I have now been in Australia living in the Murdoch University Village (housing set aside for first year and international students) for a full two nights. It has not been an easy transition at all, and I definitely had to practice my own advice regarding traveling to foreign land.
After a layover from Nadi to Sydney, we landed in Perth around 7 p.m. Luckily, almost all of us received our bags right away. One thing I have noticed about Fiji and Australia is that luggage comes immediately (take note America!). Our drivers picked us up after Courtney filed a lost baggage claim and we were on our way to Murdoch University.
Upon arrival, we lugged our bags to reception. I feel weird about calling the administration building “reception,” because when I say that word I think of a hotel. Anyway, we were given our rooms and it turned out that all of us who signed up for a standard double room besides one person was paired together and all our flats (apartments) were in fairly close proximity.
The good news ended there. Some of us ordered linen that was supposed to be delivered to our rooms upon arrival, but we had none. I was going to tough it out and just use the blanket I brought, but some of the other girls’ mattresses were terribly stained and quite unappetizing to sleep on. So, we found the one RA helping people move in and he actually gave us a bigger linen box than we had ordered. Score! With that, he said, “Good luck,” and probably tried to hide from us as well as he could.
Some people were quite dissatisfied with the apartments; however, I thought they were great. Each one has a kitchen with a table and chairs, a fridge, stove, oven and a microwave, plus a lounge area with two comfortable couches and a table. Plus, each flat has a small porch and two bathrooms.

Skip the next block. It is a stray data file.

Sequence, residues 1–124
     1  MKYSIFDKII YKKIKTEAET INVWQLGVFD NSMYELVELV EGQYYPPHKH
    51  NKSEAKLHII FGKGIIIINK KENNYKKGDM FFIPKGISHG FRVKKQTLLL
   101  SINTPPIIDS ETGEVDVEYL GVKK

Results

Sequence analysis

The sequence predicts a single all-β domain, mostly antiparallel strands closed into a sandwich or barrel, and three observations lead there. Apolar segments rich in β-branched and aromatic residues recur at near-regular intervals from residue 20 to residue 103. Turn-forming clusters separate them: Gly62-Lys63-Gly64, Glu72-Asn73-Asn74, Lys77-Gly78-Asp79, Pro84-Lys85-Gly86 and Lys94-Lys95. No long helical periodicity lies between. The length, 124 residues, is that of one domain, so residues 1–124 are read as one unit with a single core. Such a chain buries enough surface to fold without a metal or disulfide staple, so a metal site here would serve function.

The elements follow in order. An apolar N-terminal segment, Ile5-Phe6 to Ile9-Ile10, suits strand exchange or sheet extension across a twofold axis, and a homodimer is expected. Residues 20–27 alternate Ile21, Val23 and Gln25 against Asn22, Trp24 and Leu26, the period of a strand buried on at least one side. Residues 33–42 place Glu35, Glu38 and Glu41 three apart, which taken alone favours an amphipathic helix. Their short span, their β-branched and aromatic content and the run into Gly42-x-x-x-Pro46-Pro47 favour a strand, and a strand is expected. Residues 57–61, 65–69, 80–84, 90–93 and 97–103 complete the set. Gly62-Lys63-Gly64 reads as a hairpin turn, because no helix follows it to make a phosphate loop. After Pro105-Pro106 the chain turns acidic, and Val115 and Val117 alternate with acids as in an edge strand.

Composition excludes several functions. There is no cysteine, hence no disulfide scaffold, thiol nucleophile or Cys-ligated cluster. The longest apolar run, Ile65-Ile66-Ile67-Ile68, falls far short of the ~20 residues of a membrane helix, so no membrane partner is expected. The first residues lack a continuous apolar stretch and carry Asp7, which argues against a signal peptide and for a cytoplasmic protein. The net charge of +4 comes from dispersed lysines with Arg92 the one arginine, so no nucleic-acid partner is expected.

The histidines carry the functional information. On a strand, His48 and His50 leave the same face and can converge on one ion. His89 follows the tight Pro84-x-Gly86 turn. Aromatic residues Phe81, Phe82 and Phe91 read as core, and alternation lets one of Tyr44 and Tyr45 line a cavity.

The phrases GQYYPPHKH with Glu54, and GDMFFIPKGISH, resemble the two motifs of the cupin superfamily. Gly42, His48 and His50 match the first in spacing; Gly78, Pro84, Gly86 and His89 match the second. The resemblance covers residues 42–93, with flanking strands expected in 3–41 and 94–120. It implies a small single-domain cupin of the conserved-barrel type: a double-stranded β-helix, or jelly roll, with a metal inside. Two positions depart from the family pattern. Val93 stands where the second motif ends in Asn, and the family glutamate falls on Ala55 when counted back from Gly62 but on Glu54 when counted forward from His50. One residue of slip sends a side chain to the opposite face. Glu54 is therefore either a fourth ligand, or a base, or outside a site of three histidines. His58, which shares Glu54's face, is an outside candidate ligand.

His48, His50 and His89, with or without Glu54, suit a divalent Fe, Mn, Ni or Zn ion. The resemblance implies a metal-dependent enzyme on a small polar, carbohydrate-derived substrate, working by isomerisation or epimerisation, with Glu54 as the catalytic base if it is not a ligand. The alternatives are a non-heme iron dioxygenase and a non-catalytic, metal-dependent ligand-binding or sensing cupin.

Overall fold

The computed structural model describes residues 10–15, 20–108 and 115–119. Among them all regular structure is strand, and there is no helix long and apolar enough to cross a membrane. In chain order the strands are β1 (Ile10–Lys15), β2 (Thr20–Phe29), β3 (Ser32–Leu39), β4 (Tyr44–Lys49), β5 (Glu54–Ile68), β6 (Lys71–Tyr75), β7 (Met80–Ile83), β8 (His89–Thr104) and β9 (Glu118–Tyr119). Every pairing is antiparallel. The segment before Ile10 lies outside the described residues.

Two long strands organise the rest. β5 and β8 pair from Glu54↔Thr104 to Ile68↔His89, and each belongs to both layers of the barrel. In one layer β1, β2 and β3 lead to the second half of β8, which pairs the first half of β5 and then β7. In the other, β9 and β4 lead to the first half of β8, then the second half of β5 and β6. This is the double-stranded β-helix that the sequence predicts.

I met my one flat mate the first night who had been there for a week and I eventually met the other two flat mates the next day. The first one is from Hong Kong and the other two are from Asia as well. Apparently, this is the first year that international students outnumber domestic students, and Asian student are the largest demographic. I was slightly bummed that I was not rooming with any Australians, but my flat mates seemed nice and easy going.
As ironic as it is, I was paired with the other girl in my program from New Jersey. Another student said it is because they had to keep the Jersey girls contained. Anyway, we are both pretty easy going and I am glad we got paired together.
The rest of the night, the group met in one of the flats. Some people were quite unhappy, as we had no food and no toilet paper. Because AIFS scheduled our flights so late, we missed the barbeque that happened earlier and we had no idea how to get to the store. Also, we had to pay for Wi-fi, and apparently another student was told by AIFS that is was free. However, the rest of us were already under the impression Wi-Fi had to be purchased. When the boys tried connecting to the Wi-Fi, they realized the program did not take American cell phone numbers. Those of us who could not take SIM cards freaked out, because we thought we would have to go buy an expensive smart phone and plan.
The first night was less than we had hoped. We had no food, no toilet paper, no Wi-Fi, no one to talk to for help because reception closed and we had no idea where orientation was the next day. Sounds homey! I knew things would eventually work out somehow, so I just relaxed and waited for more information.